If a particular project, situation or activity caused me to feel apprehension or dread, it needed to be phased out, cleaned up, postponed, or handed over to someone else. Instead, I needed to spend time doing what I want. Usually, what I want to do is something that feels good and calming. Being honest with myself and others about this distinction was sometimes helpful (and welcome!) as well.

One thing worked really well for me …practicing being restful. I haven’t looked this up in the dictionary but I guess ‘restful’ is the opposite of ‘anxious’. Since ‘restful’ didn’t come easily to me during this time, It took committed effort to get to and maintain a restful state. In other words it took practice.

My practice included swimming or getting in water, putting on music or listening to sources of inspiring and calming information (ie. favorites include Brene Brown, or Byron Katie), being creative (ie. collage or home projects), repeating a mantra, and breathing exercises.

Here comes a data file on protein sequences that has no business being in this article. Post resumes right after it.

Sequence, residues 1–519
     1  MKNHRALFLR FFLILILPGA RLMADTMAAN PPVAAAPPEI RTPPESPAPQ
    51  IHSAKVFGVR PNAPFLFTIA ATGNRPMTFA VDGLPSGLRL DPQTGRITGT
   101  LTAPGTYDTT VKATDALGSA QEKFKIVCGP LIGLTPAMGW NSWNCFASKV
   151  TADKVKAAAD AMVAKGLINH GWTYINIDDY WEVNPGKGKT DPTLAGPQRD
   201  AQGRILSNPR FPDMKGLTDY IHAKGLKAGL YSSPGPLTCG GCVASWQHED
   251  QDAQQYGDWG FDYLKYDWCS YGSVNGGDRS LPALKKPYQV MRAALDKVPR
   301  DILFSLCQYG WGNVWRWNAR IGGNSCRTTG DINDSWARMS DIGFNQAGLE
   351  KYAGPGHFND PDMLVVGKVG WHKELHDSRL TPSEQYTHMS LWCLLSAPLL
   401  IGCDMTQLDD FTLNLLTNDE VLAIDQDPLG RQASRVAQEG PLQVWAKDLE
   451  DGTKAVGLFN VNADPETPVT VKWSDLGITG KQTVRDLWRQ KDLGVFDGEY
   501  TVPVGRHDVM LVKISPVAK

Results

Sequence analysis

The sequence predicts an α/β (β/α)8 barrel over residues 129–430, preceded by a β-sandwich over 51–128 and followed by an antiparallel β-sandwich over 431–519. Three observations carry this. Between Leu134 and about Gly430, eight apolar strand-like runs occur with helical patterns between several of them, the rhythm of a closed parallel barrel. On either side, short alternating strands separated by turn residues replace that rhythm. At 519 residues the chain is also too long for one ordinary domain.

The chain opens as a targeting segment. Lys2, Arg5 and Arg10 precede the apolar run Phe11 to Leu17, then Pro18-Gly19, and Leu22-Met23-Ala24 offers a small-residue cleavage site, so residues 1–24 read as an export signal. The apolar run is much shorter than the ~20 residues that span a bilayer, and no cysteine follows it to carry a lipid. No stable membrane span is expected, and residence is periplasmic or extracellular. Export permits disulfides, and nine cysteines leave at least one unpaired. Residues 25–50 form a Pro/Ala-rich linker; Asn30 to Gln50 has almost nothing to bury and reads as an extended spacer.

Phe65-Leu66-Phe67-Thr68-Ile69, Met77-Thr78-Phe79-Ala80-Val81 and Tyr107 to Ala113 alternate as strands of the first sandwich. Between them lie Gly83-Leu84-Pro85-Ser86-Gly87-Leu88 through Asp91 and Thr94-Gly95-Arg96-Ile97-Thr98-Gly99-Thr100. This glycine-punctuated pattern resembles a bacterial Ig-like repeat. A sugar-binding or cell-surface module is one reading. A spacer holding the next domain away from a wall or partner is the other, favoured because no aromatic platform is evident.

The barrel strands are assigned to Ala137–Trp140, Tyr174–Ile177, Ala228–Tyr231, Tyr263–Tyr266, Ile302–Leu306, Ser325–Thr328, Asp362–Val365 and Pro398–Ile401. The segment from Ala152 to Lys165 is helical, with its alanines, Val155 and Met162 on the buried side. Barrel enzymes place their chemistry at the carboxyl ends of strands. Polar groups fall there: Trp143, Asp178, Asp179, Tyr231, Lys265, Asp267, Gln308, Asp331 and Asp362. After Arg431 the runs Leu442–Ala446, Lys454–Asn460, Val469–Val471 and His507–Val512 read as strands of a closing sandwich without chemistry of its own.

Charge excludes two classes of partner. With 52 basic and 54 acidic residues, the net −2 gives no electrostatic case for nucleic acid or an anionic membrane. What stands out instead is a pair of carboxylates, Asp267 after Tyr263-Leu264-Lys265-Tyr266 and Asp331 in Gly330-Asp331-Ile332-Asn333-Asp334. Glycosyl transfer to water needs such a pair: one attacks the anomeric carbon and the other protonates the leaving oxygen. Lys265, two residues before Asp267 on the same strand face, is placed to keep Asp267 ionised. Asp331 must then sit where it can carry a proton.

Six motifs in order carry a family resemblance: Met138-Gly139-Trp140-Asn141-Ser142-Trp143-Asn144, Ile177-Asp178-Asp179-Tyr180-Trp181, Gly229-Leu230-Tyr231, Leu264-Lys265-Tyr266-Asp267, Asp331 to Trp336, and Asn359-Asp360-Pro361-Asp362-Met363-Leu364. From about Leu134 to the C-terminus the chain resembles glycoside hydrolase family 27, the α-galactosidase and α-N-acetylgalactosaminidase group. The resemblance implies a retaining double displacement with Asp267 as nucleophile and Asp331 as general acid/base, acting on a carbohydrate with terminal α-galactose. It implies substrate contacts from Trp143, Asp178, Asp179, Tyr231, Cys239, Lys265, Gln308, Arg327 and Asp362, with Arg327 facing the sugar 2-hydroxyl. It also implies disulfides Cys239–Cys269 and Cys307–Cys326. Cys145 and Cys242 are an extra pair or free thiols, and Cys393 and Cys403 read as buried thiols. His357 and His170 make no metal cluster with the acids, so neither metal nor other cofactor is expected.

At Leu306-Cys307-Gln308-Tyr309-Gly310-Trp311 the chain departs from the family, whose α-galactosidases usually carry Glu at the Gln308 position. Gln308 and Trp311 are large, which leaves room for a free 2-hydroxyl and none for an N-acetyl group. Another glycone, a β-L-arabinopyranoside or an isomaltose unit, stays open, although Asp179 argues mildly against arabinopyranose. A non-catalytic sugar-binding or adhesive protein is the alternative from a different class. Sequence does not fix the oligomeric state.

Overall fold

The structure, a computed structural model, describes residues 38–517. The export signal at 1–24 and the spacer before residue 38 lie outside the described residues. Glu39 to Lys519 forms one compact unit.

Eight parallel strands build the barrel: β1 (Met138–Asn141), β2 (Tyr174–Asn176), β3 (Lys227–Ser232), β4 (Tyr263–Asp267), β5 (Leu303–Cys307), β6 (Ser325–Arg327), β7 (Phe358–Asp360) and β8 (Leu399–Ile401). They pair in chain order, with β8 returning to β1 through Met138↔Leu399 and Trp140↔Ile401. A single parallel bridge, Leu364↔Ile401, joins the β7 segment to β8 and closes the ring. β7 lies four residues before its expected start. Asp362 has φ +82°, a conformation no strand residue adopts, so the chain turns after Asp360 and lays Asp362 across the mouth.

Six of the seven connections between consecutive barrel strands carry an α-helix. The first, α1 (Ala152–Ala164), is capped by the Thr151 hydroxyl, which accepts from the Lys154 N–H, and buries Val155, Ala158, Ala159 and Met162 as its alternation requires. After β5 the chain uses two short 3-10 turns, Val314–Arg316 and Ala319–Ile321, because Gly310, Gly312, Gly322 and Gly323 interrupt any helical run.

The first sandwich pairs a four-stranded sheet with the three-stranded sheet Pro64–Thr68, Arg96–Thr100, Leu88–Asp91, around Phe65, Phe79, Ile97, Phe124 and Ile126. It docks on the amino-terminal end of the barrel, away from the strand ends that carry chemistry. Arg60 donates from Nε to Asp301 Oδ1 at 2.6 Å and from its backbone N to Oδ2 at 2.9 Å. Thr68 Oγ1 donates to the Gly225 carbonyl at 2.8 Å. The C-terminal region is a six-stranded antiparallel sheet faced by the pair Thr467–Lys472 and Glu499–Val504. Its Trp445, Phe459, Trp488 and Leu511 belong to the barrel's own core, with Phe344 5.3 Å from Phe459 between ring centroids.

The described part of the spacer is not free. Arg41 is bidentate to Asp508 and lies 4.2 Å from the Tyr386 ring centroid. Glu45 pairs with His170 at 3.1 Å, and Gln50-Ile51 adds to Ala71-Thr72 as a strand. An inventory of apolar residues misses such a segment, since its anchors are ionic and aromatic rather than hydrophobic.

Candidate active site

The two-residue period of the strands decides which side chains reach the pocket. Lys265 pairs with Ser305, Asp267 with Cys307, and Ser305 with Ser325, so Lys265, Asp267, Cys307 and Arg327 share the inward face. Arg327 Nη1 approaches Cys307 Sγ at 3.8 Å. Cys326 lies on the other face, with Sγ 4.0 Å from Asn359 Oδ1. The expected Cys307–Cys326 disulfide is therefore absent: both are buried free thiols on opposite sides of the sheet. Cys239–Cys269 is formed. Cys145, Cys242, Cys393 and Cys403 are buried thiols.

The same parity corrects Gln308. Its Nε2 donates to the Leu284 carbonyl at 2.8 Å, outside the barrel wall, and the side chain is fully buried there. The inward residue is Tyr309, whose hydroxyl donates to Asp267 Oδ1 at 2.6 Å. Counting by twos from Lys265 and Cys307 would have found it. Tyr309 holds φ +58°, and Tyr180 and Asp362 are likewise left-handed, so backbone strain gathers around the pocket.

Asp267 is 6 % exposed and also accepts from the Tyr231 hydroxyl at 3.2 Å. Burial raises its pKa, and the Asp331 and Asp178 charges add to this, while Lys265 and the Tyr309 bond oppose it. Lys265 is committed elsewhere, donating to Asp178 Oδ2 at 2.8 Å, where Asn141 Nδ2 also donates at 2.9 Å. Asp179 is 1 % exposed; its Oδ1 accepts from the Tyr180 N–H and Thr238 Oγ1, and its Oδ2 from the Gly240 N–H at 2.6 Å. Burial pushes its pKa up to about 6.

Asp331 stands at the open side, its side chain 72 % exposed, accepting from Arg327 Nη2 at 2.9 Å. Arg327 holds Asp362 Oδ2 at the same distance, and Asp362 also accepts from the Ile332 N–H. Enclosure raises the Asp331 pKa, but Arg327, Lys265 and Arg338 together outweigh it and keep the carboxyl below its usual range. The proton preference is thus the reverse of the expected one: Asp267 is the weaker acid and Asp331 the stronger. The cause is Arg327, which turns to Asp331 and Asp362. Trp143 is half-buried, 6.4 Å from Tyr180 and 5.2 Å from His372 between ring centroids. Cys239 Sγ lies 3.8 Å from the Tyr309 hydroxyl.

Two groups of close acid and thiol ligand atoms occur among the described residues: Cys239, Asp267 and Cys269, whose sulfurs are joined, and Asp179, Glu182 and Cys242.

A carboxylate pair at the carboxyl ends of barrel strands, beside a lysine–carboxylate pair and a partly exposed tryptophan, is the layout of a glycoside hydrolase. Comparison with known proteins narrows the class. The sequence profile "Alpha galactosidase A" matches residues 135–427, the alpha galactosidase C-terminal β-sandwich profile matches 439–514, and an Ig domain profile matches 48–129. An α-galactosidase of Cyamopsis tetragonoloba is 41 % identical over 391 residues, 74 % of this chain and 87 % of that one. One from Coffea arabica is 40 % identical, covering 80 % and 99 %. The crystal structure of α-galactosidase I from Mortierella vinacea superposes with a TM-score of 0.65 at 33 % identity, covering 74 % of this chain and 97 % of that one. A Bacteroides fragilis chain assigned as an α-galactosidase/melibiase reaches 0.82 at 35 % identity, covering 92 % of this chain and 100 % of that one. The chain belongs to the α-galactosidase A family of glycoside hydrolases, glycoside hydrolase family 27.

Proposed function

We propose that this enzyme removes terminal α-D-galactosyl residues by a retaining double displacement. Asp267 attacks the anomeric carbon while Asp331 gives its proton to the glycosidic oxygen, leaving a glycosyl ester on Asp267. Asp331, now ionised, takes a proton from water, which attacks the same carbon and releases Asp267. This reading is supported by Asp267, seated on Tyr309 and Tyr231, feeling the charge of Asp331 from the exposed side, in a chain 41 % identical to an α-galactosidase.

What happened couldn’t have surprised me any more. One of the results was, as I had hoped, feeling more relaxed overall. Feedback came from all around me…friends, colleagues and family members said I seemed, ‘calmer’, ‘happier’, ‘easier to connect with’ and, ‘different.’

Feeling more relaxed and happy is a wonderful result and in fact, what I hoped for. What I didn’t expect were the other results…that I would lose weight, make more money and get more done.

WHAT?! Yeah, that’s why I was surprised!…it sounds impossible. In fact, it sounds like an infomercial for a self-help video or vitamin product.

How did it happen? It didn’t. Not at first, anyway. At first, I lost money and gained weight and got less productive. I decided none of those things were worth worrying about for now. Also, I didn’t let any of these side effects stop me from taking intentional action to continue the detox. I listened and learned. Studied relaxed people and asked them what they did. Friends sent me their practices, their mantras.